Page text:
A year ago, Shelburne decided to hire an economic development consultant. Last week, that expert told the selectboard the town’s most important priorities should be to simplify the project review process and modify zoning regulations inhibiting economic growth.
“The process itself is causing you folks to lose opportunities you’re not even seeing because people won’t come to get through the process,” David Leckey of Leckey Consulting told the board. “You don’t know if you’re willing to turn them down or not because you don’t get a chance to see them.”
While Shelburne has a lot of smart, passionate people engaged in the community, Leckey said few are engaged in economic development.
“You have a terrific opportunity to really leverage the intellectual firepower and the connections that exist in this community,” said Leckey, who conducted hundreds of conversations with Shelburne residents for his study.
Leckey recommended Shelburne work on its basic economic development infrastructure, and to proactively and cooperatively take advantage of what the town already has, not look for new attractions.
Leckey said almost everyone he talked to for the study believes tourism is an appropriate and low-impact opportunity the town should better leverage.
To Shelburne Historical Society president Dorothea Penar’s concerns that development might diminish the historic value of Shelburne village, Leckey said, “Simplifying the process doesn’t mean giving up the design review.”
Nor does it mean giving up the community’s character and the strength of its historic assets, he said.
Many in Shelburne told Leckey that development in Shelburne is rarely approached as an opportunity but through a prism of fear of what might go wrong, he said.
Leckey said Shelburne needs to pursue downtown designation, an idea supported by most people Leckey and his team surveyed.
Since 1999, over 20 towns have taken advantage of the designated downtown program, which helps “communities with financial incentives, training and technical assistance supporting local efforts to restore historic buildings, improve housing, design walkable communities and encourage economic development by incentivizing public and private investments,” according to Vermont’s agency of commerce and community development.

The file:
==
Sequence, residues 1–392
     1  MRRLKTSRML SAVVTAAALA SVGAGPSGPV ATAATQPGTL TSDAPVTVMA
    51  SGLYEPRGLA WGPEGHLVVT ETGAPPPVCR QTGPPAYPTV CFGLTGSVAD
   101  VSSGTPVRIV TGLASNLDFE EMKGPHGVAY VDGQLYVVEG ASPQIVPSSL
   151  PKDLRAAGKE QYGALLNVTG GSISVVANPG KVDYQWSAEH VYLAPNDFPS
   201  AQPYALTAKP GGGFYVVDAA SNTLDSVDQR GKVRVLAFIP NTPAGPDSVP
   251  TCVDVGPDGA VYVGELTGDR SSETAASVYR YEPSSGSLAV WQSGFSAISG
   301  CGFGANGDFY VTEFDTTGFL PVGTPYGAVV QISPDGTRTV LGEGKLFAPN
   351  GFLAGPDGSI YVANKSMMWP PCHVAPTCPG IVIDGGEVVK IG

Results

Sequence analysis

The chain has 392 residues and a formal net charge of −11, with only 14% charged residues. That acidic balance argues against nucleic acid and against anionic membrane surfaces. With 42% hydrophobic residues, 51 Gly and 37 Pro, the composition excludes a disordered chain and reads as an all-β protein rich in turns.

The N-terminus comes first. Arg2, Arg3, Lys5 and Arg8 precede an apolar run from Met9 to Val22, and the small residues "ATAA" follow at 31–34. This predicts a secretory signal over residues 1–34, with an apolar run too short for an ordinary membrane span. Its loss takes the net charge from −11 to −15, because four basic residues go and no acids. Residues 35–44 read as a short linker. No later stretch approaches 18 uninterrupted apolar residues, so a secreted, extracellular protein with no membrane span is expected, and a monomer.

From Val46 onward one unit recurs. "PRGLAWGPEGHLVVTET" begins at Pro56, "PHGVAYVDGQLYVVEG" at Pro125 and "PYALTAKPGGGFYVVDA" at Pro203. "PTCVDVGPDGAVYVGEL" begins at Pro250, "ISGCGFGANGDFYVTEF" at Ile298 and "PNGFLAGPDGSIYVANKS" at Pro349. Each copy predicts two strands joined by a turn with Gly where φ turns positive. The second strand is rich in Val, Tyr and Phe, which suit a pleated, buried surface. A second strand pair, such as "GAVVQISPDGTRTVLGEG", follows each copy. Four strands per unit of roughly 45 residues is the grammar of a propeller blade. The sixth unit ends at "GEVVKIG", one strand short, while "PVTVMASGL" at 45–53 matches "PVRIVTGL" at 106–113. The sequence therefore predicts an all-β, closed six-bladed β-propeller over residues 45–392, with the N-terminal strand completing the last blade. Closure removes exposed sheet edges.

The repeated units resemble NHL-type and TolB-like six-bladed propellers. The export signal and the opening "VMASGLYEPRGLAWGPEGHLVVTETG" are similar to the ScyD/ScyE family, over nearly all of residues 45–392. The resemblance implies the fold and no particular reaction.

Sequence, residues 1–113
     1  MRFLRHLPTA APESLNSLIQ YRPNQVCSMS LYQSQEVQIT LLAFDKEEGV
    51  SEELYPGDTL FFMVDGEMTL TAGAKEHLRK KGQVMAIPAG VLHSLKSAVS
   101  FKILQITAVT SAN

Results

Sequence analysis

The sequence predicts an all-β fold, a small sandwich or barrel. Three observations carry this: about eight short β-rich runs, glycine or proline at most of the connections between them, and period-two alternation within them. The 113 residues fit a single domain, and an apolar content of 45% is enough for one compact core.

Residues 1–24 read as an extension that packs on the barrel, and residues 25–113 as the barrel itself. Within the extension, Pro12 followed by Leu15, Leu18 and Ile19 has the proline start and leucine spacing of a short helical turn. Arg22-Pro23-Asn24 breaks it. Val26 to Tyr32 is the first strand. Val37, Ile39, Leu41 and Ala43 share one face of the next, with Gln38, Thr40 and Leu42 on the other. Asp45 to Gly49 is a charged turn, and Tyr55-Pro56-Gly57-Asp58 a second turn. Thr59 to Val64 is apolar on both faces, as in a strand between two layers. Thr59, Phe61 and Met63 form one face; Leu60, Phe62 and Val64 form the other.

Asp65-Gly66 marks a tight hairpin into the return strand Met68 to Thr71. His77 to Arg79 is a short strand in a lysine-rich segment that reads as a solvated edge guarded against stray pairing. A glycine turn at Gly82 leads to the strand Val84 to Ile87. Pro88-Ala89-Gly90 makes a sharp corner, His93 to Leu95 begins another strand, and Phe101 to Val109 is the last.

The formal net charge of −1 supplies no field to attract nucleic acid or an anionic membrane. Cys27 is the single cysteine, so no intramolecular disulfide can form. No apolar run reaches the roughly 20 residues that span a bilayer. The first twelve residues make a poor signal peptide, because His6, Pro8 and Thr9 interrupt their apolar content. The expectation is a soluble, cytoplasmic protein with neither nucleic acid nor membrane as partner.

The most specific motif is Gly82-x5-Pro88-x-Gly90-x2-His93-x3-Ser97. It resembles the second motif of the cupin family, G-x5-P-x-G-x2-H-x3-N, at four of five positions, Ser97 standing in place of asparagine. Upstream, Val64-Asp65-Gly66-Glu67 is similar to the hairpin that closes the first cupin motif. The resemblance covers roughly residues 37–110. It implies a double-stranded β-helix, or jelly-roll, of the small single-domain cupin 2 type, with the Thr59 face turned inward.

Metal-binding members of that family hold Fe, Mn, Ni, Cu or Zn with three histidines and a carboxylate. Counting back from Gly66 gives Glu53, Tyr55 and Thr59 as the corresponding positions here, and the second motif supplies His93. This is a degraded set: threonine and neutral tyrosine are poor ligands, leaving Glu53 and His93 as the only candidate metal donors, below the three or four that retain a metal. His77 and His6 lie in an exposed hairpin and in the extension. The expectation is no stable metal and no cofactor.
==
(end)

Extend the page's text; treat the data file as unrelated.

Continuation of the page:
Arnett & Muldrow performed an economic development market analysis in Shelburne as part of the study. Tripp Muldrow reported that unlike the rest of Vermont, Shelburne is expected to grow by about 3 percent over the next five years in the commercial areas of town.
The town’s housing value is “stratospheric,” he said. The median home value is $450,000, about $200,000 more than the state’s median home value, Muldrow said.
Shelburne’s retail market sells $122 million more than consumers within a 10-minute drive time are buying, meaning it is a “gain market.” When local consumers buy more than local retailers and restaurants sell it’s a “leaking market.”
In other words, Shelburne’s economy benefits from sales to visitors. Muldrow’s study only identified sales to people outside a 10-mile driving range of the center of town. It would take another study, he said, to determine how many sales are to people from far enough away to be considered tourists.
Although 20-25 percent of Shelburne’s economy would be unsustainable without sales to visitors, Muldrow said, “You’re not like a Stowe where we’re looking at 50-60 percent of the retail sustained by those outside.”
Some of the markets that are leaking and therefore present opportunities include home furnishings; specialty personal care — bath, health/supplements, cosmetics and optical; gasoline and convenience stores; specialty and high-quality clothing; general merchandise such as Dollar General, which he hastened to clarify he wasn’t recommending; limited-service restaurants, but not fast food; and specialty foods such as meat, fish and seafood, and vegetable markets.
The findings about specialty food “affirm what you’re doing with the farmers market,” he said.
Muldrow added that he’s seeing an increasing number of hybrid markets where food is sold to be taken home or taprooms that also sell sushi or pizza.
“There are really cool opportunities for Shelburne,” he said.
The town has a dynamic commuting pattern with almost 3,000 people leaving town for work every day and about 2,600 coming to town for work, meaning only 445 people live and work in Shelburne.
“You have a really great trail network,” Muldrow said. “Taking advantage of that and having the trails connect to commercial areas is always a key opportunity.”